All For the Poor

One of the joys of looking into history is re-discovering those amazing individuals who accomplished things that positively affected the lives of those around them, but have now been forgotten. One such true story is a about a little girl who was born into a wealthy family in Milan, Italy in 1718. The first born of her father’s 21 children, this child stood out as exceptional! So much so that in a day and time when females were not educated beyond what was needed to be a good homemaker, the child’s father recognized that she was blessed with a very unusual intelligence and sensitivity.

Everyone could see that Maria Agnesi was exceptional. A sonnet was written and published to praise the superior intelligence of the child when she was only five years old! Her father, Pietro Agnesi, hired the best available tutors for her, all learned men from the Catholic Church. They worked with little Maria explaining in detail the answers to her many questions. When she was seven she gave her life to Jesus and was given a copy of the book The Imitation of Christ which contained a set of rules of spiritual discipline by which she attempted to live thereafter. She began to grow in her understanding of the need to have a personal relationship with her Savior, Jesus.

Maria’s understanding of science, philosophy, religion, math and languages was so extensive that her father began to arrange evenings to “show off her talents” to the influential of Europe by hosting gatherings at his substantial palazzio. Here young Maria would discuss and debate topics of interest to the guests in Latin, the language of learning, or in their native tongues. By the time she was thirteen, Maria had mastered Latin, Greek, Hebrew, German, Spanish, French and several other languages in addition to her native Italian.  These public displays greatly pleased Maria’s father and Maria’s fame spread. She was known as the “Walking Polyglot.”

At one such event in 1727 when Maria was nine, she delivered a lengthy speech in Latin defending the benefits of allowing women to learn the sciences. The speech had been written in Italian by her tutor, but she had translated it into perfect Latin and presented it to the guests, some of whom were influential senators and dignitaries. The audience was so captivated by the performance that they had it published in Maria Agnesi’s name. She dedicated the publication to the Empress Maria Theresa of Austria who sent her some beautiful jewels in appreciation.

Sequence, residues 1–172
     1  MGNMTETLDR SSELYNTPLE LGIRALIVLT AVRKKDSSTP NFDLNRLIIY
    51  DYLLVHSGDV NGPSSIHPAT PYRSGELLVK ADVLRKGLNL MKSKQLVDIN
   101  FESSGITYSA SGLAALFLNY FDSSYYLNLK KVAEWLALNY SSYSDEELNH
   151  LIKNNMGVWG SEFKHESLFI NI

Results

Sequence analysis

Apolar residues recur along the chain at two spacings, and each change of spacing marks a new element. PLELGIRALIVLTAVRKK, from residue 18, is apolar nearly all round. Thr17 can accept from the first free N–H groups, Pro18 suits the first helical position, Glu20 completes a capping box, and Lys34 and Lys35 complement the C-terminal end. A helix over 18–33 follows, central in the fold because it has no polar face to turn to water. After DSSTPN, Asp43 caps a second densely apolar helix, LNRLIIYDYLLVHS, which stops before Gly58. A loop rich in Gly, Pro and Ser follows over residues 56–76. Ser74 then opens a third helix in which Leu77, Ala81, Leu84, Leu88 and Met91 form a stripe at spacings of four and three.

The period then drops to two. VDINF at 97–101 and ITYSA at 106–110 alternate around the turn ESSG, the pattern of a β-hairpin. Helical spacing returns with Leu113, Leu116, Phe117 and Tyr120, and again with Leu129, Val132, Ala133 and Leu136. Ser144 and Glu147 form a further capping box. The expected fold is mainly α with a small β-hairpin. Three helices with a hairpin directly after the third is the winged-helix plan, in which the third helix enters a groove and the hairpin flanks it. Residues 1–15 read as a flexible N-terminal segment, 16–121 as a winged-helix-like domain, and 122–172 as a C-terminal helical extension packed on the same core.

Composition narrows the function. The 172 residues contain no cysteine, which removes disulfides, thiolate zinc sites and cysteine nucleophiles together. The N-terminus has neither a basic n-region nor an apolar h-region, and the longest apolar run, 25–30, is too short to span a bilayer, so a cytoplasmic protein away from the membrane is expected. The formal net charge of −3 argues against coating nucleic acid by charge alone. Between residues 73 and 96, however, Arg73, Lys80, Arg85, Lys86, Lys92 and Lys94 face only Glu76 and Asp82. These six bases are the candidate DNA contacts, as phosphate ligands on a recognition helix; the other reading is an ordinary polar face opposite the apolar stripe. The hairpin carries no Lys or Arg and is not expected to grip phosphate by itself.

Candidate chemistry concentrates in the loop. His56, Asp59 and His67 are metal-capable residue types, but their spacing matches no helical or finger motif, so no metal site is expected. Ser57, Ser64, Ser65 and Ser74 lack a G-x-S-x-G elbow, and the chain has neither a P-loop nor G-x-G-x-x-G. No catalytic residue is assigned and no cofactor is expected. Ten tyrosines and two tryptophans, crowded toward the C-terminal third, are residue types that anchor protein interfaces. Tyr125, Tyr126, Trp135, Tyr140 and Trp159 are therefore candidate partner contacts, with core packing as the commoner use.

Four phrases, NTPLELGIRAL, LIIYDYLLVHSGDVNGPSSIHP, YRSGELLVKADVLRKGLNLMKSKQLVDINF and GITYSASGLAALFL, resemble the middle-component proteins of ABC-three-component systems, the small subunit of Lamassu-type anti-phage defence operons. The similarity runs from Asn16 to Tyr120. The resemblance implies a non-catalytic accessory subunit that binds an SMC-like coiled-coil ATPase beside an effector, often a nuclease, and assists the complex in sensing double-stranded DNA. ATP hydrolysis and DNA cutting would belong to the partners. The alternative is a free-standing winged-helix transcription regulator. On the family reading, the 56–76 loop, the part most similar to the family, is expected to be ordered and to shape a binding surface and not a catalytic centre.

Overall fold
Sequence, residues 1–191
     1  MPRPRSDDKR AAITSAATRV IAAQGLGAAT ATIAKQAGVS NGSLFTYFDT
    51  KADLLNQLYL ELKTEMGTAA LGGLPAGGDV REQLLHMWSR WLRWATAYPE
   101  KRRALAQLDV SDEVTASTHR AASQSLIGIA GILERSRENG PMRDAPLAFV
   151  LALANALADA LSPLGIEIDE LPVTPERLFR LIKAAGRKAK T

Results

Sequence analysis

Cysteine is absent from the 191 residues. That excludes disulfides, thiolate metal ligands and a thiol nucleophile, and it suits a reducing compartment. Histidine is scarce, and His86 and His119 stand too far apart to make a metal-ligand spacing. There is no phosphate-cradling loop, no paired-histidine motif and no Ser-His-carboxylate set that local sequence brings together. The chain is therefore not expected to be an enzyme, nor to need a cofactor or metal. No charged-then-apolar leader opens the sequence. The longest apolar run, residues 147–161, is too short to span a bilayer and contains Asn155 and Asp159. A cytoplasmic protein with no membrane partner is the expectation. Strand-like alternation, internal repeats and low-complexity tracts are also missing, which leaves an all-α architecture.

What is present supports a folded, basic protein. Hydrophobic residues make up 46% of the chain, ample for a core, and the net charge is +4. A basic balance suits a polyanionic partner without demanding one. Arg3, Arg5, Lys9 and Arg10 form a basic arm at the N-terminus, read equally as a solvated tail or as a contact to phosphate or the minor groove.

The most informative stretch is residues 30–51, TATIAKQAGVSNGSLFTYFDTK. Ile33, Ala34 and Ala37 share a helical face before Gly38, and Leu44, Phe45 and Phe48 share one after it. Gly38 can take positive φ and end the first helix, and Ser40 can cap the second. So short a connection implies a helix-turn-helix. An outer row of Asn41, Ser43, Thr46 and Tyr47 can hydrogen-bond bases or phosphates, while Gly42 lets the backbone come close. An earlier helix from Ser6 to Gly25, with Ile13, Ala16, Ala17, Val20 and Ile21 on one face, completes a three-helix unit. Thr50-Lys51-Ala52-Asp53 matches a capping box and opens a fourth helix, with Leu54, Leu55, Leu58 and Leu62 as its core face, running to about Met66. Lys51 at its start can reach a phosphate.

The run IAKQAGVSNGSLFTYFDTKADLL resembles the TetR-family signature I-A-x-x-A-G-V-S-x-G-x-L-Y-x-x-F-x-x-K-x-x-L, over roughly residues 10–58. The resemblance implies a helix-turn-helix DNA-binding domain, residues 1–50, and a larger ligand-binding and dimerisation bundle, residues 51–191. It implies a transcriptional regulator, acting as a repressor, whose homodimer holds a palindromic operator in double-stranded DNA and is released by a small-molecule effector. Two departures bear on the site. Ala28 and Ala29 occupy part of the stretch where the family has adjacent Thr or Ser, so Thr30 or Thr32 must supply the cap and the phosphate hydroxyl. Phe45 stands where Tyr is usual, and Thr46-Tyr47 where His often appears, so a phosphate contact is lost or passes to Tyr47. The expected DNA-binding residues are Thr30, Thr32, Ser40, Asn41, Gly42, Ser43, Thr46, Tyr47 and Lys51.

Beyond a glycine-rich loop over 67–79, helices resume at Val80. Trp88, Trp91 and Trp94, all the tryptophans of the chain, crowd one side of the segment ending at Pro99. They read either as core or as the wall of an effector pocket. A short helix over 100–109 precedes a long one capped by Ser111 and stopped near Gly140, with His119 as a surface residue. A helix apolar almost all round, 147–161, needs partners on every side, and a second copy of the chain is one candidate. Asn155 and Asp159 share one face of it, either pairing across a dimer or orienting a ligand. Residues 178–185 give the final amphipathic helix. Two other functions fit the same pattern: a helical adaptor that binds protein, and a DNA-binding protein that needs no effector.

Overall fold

Maria was a gentle person with a tender heart for others. While she always obeyed and pleased her father by entertaining his friends at the public debates, she longed for a quiet and private life of service more in keeping with her faith. She did not like the fine clothes, trips to the theater, dancing at balls and all of the other empty entertainment required of her as a member of the wealthy class in Milan. These feelings became especially pronounced after her mother died when she was twelve and her father remarried.

In addition to performing at the palazzio, Maria was expected to teach her younger brothers, of whom there were many. She especially loved mathematics, the language God used to “create the universe.” She found it comforting and reassuring that God who created math was never changing and could be counted upon just as the study of numbers demonstrated. All of Maria’s teaching of her siblings was woven together with the truths of the Bible. She could not separate her love of Christ from the lessons that she taught.

However, Maria’s desire for a simpler life caring for the poor was growing and at last when she was twenty she insisted that she leave home and enter a convent. Her father was devastated. He could not bear the thought of his precious daughter leaving him and the family, so a compromise was reached. Maria would remain at home, though living in a separate wing of the house. She would be allowed to dress simply and modestly, not participate in high society, would no longer be required to participate in public debates and would be allowed to attend church whenever she wished.

Two things happened as a result of this new found freedom. First, Maria turned her attention to the study of mathematics, abandoning philosophy.  As she sought to teach her brothers advanced math during this time, Maria realized that there was no well written text available, so she embarked on a ten-year project writing a two volume book with many examples to explain everything from algebra to calculus. She wrote it in Italian so that it would help the youth of her country. Maria Agnesi was the first woman in history to write a math text and was so appreciated that she was named to the chair of Mathematics and Natural Philosophy at the University of Bologna by Pope Benedict XIV at a time when women were not even allowed to attend the university!

However, Maria had already “retired” from her scholarly life to pursue her greater calling. She began to take poor, sick and dying women from the streets into her wing of her father’s home to care for them. By 1750, her father became very ill and Maria nursed him for two years until his death. Now released from her obligation to teach her brothers, Maria was free to pursue her passion of ministering Christ’s love to the poor. She operated several homes for the care of the poor, sick, demented and dying. She spent her entire fortune in this way, even selling the jewels given her by the Austrian Empress and establishing the first hospice in Italy.

Maria Agnesi lived out her final years in the home for the poor which she had directed for so many years. She was buried January 9, 1799 in a pauper’s grave with fifteen other women from the hospice. She had poured out all she had to help care for others for the sake of her love for Christ.